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North Hills housing gets green light

CHARLESTON, W.Va. -- Habitat for Humanity of Kanawha & Putnam County can build another 23 homes on a North Charleston hilltop after a city agency approved its final subdivision plan on Wednesday.

Members of the Municipal Planning Commission unanimously OK'd the final plat plan for the North Hills Subdivision Street B, which calls for two-dozen modest homes on equally modest lots along an extension of North Hills Drive.

Habitat volunteers already built the first home during the last month in what they call a blitz build, and Director Shawn Means expects to build the rest during the next few years.

Also Wednesday, planning commissioners approved the rezoning of a small lot adjacent to the One Stop in Kanawha City and final plat plans for two other subdivisions -- one in Northgate Business Park, the other in the Sherwood Forest.

Michael Graney of One Stop said he wants to buy the home at 309 50th St., tear it down and add the property to the gas station site at the corner of MacCorkle Avenue and 50th Street. To do that, he needs the property rezoned from R-4 (single-family residential) to C-8 (village commercial) like the rest of the gas station.

Graney said he will to move a fence in the rear to provide privacy for homes across the alley. One neighbor asked Graney to build a block wall with a fence on top to keep car lights from shining into his home at night.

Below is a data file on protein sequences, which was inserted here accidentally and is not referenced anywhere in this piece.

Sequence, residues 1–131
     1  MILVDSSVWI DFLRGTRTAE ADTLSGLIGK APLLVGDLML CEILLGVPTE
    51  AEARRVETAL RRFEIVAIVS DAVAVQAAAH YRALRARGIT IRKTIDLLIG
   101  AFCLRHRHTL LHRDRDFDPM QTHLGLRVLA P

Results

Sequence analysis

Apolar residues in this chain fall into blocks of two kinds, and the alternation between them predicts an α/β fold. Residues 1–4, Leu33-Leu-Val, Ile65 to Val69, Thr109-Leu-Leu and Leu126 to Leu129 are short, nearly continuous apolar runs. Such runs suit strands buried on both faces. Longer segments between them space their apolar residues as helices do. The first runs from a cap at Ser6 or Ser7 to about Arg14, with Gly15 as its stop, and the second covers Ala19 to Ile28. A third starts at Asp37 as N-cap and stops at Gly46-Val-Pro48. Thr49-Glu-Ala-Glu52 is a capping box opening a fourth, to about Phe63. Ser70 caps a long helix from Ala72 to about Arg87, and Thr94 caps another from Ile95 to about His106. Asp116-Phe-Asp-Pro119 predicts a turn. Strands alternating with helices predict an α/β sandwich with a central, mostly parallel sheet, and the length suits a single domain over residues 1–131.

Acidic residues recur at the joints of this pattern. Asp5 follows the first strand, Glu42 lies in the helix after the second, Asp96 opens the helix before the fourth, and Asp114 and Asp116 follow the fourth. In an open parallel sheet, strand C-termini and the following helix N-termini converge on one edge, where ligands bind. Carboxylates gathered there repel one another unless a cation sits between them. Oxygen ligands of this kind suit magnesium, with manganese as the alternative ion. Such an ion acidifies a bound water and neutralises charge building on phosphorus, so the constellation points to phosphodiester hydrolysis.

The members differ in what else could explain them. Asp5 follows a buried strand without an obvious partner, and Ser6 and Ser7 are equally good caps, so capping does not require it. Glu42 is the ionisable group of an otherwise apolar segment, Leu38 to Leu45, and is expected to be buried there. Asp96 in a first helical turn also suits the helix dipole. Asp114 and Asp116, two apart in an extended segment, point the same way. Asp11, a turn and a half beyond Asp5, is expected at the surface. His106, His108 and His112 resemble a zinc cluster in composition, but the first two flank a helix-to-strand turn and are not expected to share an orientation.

George Patterson, lawyer for Northgate developer John Wellford's Corotoman Inc., said nearly everything is in place to create a 4.5-acre tract on a flattened hilltop for the new home of Energy Corp. of America.

The 60,000-square-foot building will allow ECA to double its staff to about 220, with on-site parking, he said. "Associated Architects has designed the building, Jarrett Construction has agreed to build it."

The ECA plan was first announced in March. The building will replace the company's current eastern regional headquarters on 56th Street in Kanawha City, behind the state Department of Environmental Protection offices.

Denver-based ECA is a privately held energy company founded about 20 years ago by John Mork, the president and CEO. He previously founded Eastern American Energy Corp., an oil and natural gas exploration and production company that had headquarters in Charleston.

Though it has operations worldwide, ECA is a leading producer in the Appalachian Basin and was a pioneer in developing the Marcellus Shale formation as early as the late 1970s.

One unresolved issue for the new headquarters is a sewer line, Patterson said. "An alternate main-line extension agreement has been filed with the Public Service Commission for approval. We're asking this to be approved, subject to that approval."

Under such agreements, developers install their own sewer lines under a plan approved by the PSC and the Charleston Sanitary Board.

Finally, builder J.D. Strickland, a non-voting member of the commission, told the group he had finished installing all utilities and other infrastructure for adding six lots on Yorkshire Drive off Nottingham Road since getting his preliminary plan approved in December.

Reach Jim Balow at balow@wvgazette.com or 304-348-5102.


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